NC Conference Focus on Health

Bishop Hope Morgan Ward reminds us that “John Wesley was very, very interested in health and believed that mental health, physical health, relational health, spiritual health were all deeply interconnected.” In a Connections address (September 2013), Bishop Ward reminds us that Wesley never separated spiritual care from the care of the body as he met the needs of the poor.

The 2014 Annual Conference theme of “From Strength to Strength: Thrive!” encourages us to embrace our opportunity of “living fully and abundantly and well in the spirit of Jesus Christ, the giver of health and salvation.” Read more below about health and wellness resources for clergy and congregations in the North Carolina Conference.

Health & Wellness Resources For Clergy

  • Clergy Health Initiative – In July 2007, The Duke Endowment generously funded the Clergy Health Initiative, a $12 million, seven-year program intended to improve the health and well being of the 1,600 United Methodist elders and local pastors serving churches in North Carolina.  In 2013, Duke Endowment committed an additional $5.74 million to extend the work of the Initiative. Spirited Life, the Initiative’s health and wellness program, provides participating clergy with two years of wellness services that teach spiritual renewal; stress management;  and healthy, mindful eating and exercise – all buoyed by coaching and support.  About 1,100 pastors – more than 60 percent of the eligible clergy – enrolled in Spirited Life, which launched in 2011.  Read Spirited Life wellness tips and success stories at The Connection blog.
  • The Amazing Pace – This pedometer-based walking program free to all NC Conference clergy members in 2011, is sponsored by the NCC Wellness Committee. Enrollment is also free to NC Conference and local church lay employees enrolled in the Conference Health Plan.
  • The NC Conference Insurance Committee offers a wellness program to support conference members in making their personal wellness a priority.  For more details, click here.
  • Read more here about health and wellness resources for clergy offered through the NCC and throughout our region, including coaching, counseling, conflict transformation specialists, continuing education, and more.

Health & Wellness Resources for Clergy and Congregations

  • CareNet of NC – Beginning in January 2010, the Conference Commission on Clergy Counseling and Consultation endorsed CareNet to provide services for clergy and local church consultation. Affiliated with Wake Forest Baptist Health, CareNet provides high-quality, faith-integrated counseling and behavioral health services to clients. Many of CareNet’s 54 certified counselors and psychotherapists are ordained, certified pastoral counselors. For more info on services provided, confidentiality, and financial assistance available to clergy, click here.
  • CareNet Locations in NC – Twenty-three CareNet offices are in operation throughout the state.
  • Mental Health Resources – Find mental health resources for clergy, congregations and families, including links to state and national mental health organizations.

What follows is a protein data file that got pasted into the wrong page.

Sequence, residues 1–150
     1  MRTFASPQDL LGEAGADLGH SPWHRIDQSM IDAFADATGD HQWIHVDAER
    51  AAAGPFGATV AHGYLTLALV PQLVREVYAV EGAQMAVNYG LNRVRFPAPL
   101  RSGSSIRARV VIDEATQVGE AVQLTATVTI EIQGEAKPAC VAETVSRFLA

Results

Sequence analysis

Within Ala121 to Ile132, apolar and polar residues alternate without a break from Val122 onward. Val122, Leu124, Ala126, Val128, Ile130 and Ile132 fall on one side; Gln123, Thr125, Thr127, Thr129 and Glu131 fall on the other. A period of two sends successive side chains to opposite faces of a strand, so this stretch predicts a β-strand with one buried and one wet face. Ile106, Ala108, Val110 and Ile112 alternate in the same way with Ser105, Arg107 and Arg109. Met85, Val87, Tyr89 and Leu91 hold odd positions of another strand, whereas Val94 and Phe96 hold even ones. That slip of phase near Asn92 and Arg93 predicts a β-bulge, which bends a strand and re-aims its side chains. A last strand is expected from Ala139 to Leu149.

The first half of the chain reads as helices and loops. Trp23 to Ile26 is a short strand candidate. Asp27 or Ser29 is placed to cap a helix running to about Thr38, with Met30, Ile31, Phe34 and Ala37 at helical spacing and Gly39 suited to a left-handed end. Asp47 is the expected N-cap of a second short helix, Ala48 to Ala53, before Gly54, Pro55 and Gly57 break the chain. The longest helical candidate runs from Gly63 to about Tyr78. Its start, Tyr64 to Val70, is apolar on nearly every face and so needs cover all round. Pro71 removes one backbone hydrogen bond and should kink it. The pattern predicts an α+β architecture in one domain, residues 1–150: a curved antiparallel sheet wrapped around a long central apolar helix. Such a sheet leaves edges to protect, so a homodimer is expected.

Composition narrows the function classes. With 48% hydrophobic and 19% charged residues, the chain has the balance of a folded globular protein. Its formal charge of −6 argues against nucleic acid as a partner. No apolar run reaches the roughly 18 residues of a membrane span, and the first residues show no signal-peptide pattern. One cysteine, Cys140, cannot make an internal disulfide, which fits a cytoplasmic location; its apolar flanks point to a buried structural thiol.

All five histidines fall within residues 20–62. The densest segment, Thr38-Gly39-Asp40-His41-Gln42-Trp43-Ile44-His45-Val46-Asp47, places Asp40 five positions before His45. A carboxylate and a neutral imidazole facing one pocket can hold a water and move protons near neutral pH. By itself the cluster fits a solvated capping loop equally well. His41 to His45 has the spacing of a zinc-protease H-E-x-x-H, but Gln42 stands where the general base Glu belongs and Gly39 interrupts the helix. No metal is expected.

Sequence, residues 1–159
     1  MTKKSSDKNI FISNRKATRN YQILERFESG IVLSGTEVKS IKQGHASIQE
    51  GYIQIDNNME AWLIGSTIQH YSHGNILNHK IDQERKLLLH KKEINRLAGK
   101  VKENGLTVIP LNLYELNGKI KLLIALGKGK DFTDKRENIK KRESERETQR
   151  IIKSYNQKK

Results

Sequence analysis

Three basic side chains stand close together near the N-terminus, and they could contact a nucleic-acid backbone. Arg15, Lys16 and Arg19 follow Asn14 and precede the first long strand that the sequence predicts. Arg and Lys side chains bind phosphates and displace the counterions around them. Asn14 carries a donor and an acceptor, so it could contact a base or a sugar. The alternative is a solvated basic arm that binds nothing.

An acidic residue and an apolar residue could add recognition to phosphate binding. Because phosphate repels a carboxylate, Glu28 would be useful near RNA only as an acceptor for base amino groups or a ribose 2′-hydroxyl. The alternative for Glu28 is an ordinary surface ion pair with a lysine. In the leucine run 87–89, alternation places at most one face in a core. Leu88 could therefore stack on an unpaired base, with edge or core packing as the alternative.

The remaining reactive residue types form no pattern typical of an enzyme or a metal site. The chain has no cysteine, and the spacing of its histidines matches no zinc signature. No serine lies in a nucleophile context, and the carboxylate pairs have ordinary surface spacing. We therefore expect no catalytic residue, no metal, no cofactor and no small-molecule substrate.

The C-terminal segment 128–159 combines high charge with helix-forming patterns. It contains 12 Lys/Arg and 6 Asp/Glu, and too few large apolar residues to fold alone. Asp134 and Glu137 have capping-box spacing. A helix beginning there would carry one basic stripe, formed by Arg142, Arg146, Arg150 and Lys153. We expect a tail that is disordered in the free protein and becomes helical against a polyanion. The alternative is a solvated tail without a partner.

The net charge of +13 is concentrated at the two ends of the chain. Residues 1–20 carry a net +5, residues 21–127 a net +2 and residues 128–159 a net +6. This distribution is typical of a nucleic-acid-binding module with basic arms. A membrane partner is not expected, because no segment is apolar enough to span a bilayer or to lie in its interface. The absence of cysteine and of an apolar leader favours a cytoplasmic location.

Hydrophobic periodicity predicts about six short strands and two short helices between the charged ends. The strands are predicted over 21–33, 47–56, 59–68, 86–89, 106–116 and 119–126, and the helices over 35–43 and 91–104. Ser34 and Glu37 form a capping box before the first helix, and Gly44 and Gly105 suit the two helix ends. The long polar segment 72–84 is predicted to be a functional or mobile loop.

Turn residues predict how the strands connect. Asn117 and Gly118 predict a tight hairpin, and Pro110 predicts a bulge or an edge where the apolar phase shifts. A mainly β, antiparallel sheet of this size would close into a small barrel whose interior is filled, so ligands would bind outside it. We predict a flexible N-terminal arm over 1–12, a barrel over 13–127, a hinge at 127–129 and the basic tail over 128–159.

• A Healthier NC – North Carolina is a great place to live, work and raise a family, but we consistently rank in the bottom third of all states for overall health. A Healthier NC invites you to join the “Healthier NC Challenge.”

Health & Wellness Resources For Congregations

  • Wellness Programs Offered to Churches – Through a grant from The Duke Endowment, the NC Conference Office of Connectional Ministries offers a number of wellness programs led by Alyson Breisch, RN, for local churches and districts. Benefits to participants may be physical, social and spiritual as Breisch bases the content on scripture and the care of bodies and relationships.
  • Partners in Health and Wholeness (PHW) Mini-Grants – PHW, an initiative of The North Carolina Council of Churches that aims to connect health as a faith issue, offers mini-grants ranging from $500 – $1,000 to support the congregation’s health ministry. In order to qualify for a mini-grant, congregations must first complete one of the three PHW certification levels.
  • Center for Congregational Health – The Center for Congregational Health provides ministry and/or training annually for hundreds of faith communities, lay leaders and clergy across the United States and in several foreign countries.
  • Church Health Reader – A ministry of the Church Health Center Outreach in Memphis, the Church Health Reader offers health and wellness resources for individuals and churches. Ideas for health and wellness ministries, as well as curricula, flyers and downloads, are available. Poignant reflections on living with disease offer spiritual insights and recount personal journeys through chronic illness.
  • Disability Resources for Congregations – Published by the NC Conference, this site offers resources for making worship facilities accessible to all people and for supporting inclusion of all people in church programs.


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